The assertion of executive privilege may be wrong here – the executive branch has supplied FBI 302s of interviews of both President Clinton and Vice President Gore in the past – but the claim of privilege is consistent with longstanding executive branch positions. With respect to the FBI notes, the AG emphasized a tradition of protecting law enforcement documents, both “to preserve the integrity and independence of law enforcement,” as well as to avoid “impair[ing] the Department’s ability to conduct future law enforcement investigations that would benefit from full [and voluntary] White House cooperation.” To be sure, no presidential communications are at issue with respect to the FBI notes of the Vice President’s interview, but the umbrella “executive privilege” has been recognized to encompass more than presidential communications. If law enforcement materials come within this umbrella, as they probably do, this only establishes that they are presumptively privileged. The Supreme Court’s seminal executive privilege decision, United States v. Nixon, established that even core presidential communications are only presumptively privileged. This presumption can be overcome by a sufficiently weighty congressional interest in disclosure. In the one court of appeals decision addressing the subject – a case involving the Ervin Committee’s attempt to obtain some of the Nixon tapes — the D.C. Circuit held that the interest the Committee must establish is that the requested documents are “demonstrably critical to the responsible fulfillment of the committee’s functions.”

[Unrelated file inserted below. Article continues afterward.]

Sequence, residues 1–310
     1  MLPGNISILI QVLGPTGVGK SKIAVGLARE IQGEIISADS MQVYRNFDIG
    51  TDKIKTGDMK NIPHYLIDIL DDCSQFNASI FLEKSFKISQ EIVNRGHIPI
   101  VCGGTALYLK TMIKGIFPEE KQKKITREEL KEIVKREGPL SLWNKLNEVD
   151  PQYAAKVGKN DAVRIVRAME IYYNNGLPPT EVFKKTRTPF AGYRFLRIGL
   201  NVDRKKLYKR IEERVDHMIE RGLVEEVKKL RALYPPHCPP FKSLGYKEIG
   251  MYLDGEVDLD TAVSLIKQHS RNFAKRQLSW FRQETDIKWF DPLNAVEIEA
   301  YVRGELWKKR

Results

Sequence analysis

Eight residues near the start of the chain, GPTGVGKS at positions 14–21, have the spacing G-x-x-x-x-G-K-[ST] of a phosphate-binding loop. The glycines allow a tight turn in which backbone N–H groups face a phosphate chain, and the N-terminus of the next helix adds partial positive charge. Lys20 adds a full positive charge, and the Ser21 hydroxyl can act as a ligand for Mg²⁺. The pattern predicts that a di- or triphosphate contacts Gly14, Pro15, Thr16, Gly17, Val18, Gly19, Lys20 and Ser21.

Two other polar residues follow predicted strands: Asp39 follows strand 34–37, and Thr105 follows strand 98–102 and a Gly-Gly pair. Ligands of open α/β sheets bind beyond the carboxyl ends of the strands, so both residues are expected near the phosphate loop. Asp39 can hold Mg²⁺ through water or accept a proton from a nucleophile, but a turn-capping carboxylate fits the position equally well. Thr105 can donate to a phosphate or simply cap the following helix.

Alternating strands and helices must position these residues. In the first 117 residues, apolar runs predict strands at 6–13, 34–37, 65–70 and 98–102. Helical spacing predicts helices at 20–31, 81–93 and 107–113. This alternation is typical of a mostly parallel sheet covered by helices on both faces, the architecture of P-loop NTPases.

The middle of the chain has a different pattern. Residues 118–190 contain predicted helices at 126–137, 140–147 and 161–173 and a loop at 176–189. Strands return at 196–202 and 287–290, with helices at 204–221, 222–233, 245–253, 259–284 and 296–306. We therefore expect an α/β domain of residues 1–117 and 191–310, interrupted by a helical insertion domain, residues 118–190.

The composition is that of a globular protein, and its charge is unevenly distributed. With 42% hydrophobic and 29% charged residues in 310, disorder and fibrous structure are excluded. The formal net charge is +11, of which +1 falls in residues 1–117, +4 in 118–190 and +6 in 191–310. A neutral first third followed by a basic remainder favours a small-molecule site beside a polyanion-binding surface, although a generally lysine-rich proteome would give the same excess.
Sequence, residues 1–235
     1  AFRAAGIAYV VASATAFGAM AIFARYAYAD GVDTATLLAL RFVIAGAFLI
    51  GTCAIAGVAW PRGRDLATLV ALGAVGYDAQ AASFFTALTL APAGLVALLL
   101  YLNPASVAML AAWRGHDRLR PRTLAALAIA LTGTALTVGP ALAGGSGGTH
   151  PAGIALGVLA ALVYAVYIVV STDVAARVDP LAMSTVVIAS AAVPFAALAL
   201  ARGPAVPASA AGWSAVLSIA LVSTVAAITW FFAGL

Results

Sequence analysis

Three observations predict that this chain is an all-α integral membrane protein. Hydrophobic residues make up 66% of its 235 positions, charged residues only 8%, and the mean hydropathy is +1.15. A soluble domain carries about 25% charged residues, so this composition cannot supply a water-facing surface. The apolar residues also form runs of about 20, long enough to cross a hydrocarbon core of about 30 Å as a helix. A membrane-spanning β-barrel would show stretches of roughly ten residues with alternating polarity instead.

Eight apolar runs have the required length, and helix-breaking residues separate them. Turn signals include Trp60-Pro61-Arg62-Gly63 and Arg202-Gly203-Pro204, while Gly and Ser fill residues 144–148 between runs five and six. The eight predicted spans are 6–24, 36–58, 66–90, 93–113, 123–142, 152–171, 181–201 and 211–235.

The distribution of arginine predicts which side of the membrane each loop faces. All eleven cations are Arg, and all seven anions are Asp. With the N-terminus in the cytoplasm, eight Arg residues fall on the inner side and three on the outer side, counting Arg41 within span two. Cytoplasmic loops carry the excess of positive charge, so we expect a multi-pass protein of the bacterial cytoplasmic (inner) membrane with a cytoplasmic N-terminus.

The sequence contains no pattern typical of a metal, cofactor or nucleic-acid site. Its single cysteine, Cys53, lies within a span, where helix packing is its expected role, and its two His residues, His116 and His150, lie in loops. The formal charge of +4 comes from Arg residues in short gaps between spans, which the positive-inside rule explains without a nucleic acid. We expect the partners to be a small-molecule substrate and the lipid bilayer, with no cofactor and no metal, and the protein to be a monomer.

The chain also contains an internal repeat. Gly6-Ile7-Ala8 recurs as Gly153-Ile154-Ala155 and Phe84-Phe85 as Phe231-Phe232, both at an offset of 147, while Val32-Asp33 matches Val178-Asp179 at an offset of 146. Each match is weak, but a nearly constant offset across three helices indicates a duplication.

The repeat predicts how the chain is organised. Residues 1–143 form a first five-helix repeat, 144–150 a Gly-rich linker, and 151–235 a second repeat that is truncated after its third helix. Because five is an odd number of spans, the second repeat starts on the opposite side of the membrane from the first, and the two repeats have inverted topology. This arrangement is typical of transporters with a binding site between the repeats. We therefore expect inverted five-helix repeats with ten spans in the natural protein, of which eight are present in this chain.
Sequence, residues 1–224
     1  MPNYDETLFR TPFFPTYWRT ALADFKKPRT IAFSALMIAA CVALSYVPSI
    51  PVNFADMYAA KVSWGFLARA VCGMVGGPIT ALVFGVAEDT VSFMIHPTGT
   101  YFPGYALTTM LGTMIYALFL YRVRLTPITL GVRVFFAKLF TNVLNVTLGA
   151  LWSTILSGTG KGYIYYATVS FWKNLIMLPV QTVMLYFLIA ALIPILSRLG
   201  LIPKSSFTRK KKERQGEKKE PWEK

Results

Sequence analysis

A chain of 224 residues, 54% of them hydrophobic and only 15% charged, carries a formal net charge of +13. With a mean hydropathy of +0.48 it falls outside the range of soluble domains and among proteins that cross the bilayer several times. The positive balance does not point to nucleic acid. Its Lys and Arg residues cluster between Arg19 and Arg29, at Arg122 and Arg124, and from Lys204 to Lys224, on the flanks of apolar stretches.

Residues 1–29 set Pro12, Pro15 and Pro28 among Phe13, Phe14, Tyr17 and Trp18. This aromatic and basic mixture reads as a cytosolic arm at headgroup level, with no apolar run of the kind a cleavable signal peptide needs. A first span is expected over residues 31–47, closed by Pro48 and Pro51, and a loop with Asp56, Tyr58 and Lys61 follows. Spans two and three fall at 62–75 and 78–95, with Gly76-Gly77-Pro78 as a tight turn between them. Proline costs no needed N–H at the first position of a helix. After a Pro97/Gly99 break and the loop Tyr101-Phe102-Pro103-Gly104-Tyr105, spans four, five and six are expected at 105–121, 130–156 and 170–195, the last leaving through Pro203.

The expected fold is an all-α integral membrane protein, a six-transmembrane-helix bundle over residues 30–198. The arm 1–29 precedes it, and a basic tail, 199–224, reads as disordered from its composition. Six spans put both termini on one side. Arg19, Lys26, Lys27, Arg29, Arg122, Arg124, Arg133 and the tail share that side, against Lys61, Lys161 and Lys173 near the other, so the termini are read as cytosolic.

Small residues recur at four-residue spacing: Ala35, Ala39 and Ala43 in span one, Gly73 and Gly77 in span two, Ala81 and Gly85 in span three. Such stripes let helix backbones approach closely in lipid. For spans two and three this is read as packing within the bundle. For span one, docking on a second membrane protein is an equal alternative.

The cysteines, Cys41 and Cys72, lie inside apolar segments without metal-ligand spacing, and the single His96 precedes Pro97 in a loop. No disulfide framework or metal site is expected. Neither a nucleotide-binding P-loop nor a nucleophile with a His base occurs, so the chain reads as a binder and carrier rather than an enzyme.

Ultimately, whether the AG’s conclusion that executive privilege can be claimed here depends critically on the assessment of the Committee’s interest. On this point, the Committee and the President strongly disagree. The AG’s letter focuses on the Committee’s need for the documents in order to legislate, which may be rather minimal. It could enact legislation that is more protective of identity disclosure without knowing whether or not the Vice President was involved in the disclosure. On the other hand, Chairman Waxman’s statement emphasizes the need to “find out what really happened … Congress and the American public are entitled to know what role the President and the Vice President played in the despicable outing of Ms. Wilson.” Here the House is asserting as historic role as the country’s “Grand Inquest” that can investigate wrongdoing in government without requiring it to have legislative action in mind at the time. The executive branch does not recognize this kind of oversight interest as being as weighty as its legislative interest.
It remains to be seen whether the Committee with renew its subpoena. Chairman Waxman has moved over to Chair the Energy and Commerce Committee, and the new Chair, Edolphus Jones, may have other priorities. Stay tuned.
John Gochnour contributed to this post.